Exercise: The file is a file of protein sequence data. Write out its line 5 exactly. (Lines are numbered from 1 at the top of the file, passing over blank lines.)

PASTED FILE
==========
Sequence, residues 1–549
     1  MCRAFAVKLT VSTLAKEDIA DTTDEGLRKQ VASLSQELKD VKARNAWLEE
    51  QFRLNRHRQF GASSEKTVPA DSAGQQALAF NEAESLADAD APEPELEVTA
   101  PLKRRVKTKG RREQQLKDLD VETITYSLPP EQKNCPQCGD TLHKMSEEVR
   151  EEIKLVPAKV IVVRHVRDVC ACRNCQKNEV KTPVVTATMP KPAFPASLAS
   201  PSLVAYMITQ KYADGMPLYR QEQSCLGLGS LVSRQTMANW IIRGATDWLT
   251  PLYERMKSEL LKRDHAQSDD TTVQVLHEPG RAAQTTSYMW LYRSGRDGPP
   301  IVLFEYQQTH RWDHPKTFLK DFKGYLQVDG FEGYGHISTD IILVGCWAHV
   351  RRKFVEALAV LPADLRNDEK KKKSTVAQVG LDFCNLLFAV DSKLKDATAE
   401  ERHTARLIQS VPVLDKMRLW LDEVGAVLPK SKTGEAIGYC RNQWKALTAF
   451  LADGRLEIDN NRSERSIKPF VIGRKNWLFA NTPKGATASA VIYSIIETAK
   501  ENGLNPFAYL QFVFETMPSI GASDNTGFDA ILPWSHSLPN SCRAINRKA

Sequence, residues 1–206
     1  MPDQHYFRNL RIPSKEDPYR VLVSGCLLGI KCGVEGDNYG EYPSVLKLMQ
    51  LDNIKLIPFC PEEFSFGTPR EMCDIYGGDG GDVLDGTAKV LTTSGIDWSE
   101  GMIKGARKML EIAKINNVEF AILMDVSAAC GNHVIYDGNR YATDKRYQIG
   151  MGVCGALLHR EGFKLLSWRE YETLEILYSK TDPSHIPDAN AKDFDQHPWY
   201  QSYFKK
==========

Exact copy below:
   151  EEIKLVPAKV IVVRHVRDVC ACRNCQKNEV KTPVVTATMP KPAFPASLAS